This book was recommended to me as a self-help and management classic written 1,000 of years ago. To appreciate its value one must read it as a self-help and management book with a lot of attention to all the wisdom such ancient books carry.
I've re-read the book at different stages of my life and it gave me different insights. Its beauty is in its simplicity and I compare it to the reading of my favorite zen stories.
This is truly a classic with lots of meaning 'between the lines'.
Pick up a good translation so that this Asian wisdom does not get lost in the translation.
51) American Sweepstakes by Kevin Flynn
52) The Art of War/The Prince/Instructions to His Generals by Sun Tzu/Niccolò Machiavelli/Frederick the Great (three-in-one book)
53) Maskerade by Terry Pratchett
54) Harry Potter and the Deathly Hallows by J.K. Rowling (re-read)
55) Furiously Happy by Jenny Lawson
56) The Discovery of King Arthur by Geoffrey Ashe (re-read)
57) Where Troy Once Stood by Iman Wilkens (re-read)
End of Year Stats
Total Books: 57 (Personal Record)
--First Time Reads: 47
Total Pages: 24655 (Personal Record)
--Average: 432.5 pages per book
Within “The Art of War” are three distinct though similar treatise written across over 2000 years and three different cultures that instruct the reader not only how to succeed in war but also politics and business.
The opening treatise is the titular “Art of War”, Sun Tzu gives his readers a concise yet in-depth instruction into the how to achieve victory over one’s enemies. Though less than a hundred pages in length, it has to be read carefully to get the full meaning of what the author intends to convey. Yet when boiled down, the most important lesson is simply to be aware of one’s surroundings and other people’s intentions so as to continually be prepared for all situations.
The middle treatise is Machiavelli’s “The Prince”, a how-to course in how to gain and maintain power. The pragmatic program that councils that everything one does must be solely down to maintain one’s, if in the process you must victimize a small minority of your population, so be it, but if some of your actions improve the lives of the majority of your citizens so much the better. Yet, while Machiavelli’s thoughtful approach to studying power politics is the beginning of political theory, “The Prince” is also cutting satire on the Medici who had taken over Florence ending Machiavelli’s civil career. The astute reader realizes that “The Prince” is more than it appears while also achieving its apparent main aim.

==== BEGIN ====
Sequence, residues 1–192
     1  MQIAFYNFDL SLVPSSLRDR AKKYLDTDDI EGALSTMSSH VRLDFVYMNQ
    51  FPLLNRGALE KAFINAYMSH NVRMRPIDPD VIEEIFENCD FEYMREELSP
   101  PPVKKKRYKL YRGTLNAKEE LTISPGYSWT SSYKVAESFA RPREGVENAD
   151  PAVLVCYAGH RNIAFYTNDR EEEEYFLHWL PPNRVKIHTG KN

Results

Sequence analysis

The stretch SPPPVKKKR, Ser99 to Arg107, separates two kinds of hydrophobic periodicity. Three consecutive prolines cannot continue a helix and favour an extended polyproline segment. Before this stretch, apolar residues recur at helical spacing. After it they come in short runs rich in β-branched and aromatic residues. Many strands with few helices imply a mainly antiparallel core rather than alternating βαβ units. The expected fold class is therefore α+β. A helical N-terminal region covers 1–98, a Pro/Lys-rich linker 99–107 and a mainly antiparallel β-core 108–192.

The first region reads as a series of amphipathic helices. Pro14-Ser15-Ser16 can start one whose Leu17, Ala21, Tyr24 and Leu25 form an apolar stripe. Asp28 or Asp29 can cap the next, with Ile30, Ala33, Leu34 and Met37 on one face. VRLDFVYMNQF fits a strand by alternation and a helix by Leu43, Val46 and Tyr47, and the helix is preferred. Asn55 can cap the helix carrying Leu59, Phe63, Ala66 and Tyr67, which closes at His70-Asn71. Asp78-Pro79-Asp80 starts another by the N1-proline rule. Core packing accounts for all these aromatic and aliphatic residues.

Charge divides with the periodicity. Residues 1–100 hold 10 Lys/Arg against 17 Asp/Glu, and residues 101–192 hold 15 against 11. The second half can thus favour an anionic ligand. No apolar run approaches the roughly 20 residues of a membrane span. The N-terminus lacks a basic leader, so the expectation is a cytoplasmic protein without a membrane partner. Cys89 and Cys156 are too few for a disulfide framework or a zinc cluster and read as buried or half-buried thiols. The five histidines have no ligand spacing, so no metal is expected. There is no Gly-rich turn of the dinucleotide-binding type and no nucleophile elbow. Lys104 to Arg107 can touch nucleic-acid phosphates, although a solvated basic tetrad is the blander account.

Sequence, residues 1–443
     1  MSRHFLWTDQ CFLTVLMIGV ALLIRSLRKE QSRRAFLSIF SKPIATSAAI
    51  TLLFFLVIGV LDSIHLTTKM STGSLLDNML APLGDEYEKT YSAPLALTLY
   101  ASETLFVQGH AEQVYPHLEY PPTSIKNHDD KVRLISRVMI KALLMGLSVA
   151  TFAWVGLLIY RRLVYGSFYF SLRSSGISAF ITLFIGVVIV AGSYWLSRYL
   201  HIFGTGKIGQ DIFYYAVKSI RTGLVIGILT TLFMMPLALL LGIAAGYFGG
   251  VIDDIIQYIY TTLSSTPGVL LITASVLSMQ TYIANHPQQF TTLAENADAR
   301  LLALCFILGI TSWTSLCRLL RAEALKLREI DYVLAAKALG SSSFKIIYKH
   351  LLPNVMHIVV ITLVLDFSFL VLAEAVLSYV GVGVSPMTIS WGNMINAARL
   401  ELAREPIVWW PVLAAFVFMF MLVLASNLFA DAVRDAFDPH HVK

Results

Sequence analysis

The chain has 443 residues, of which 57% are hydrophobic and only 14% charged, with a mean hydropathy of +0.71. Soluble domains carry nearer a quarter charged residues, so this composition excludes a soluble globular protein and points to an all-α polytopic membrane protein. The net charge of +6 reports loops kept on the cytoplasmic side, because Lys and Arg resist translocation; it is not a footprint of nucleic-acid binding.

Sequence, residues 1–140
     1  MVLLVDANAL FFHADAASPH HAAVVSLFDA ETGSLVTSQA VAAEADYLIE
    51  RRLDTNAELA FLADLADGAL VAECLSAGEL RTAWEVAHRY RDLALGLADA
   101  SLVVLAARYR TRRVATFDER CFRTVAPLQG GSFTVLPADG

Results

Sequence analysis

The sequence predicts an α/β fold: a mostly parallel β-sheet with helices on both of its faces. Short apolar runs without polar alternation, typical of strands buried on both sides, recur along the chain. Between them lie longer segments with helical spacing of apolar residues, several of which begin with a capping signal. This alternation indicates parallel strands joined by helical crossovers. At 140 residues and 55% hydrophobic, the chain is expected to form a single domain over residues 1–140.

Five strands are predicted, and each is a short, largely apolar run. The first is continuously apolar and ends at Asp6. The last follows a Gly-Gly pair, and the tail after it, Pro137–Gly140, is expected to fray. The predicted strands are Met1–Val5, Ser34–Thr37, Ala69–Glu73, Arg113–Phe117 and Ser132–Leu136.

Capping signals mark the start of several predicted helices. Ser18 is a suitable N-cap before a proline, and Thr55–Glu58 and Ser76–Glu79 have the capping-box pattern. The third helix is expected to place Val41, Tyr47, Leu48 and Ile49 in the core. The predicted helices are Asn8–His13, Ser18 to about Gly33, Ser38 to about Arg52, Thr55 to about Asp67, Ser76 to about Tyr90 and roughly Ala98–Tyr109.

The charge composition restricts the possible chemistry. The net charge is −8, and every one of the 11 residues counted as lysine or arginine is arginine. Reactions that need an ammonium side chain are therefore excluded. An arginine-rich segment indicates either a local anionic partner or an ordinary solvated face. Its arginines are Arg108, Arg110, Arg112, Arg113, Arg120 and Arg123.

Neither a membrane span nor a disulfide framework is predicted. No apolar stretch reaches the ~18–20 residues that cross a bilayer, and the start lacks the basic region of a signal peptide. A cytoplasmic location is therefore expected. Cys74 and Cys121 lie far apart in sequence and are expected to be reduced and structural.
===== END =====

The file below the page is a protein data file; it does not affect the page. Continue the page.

The final treatise is Frederick the Great’s “Instructions to His Generals”, in which the celebrated Prussian monarch and military commander gave guidance to his general staff about how to fight war through his own failures and achievements. Unlike Machiavelli’s call for unity or Sun Tzu’s broad principles, Frederick main goal is for the betterment of Prussia and for detailed instructions on everything connected with a military campaign. This single-mindedness and painstaking approach is a lesson in and of itself to the reader to keep their focus on the here and now so as to achieve bigger things down the road, not dream of the far-off future while sacrificing the present.
While distinct, the three treatise in this book are in fact are three different life experiences on the same thing, achieving success at whatever one attempts.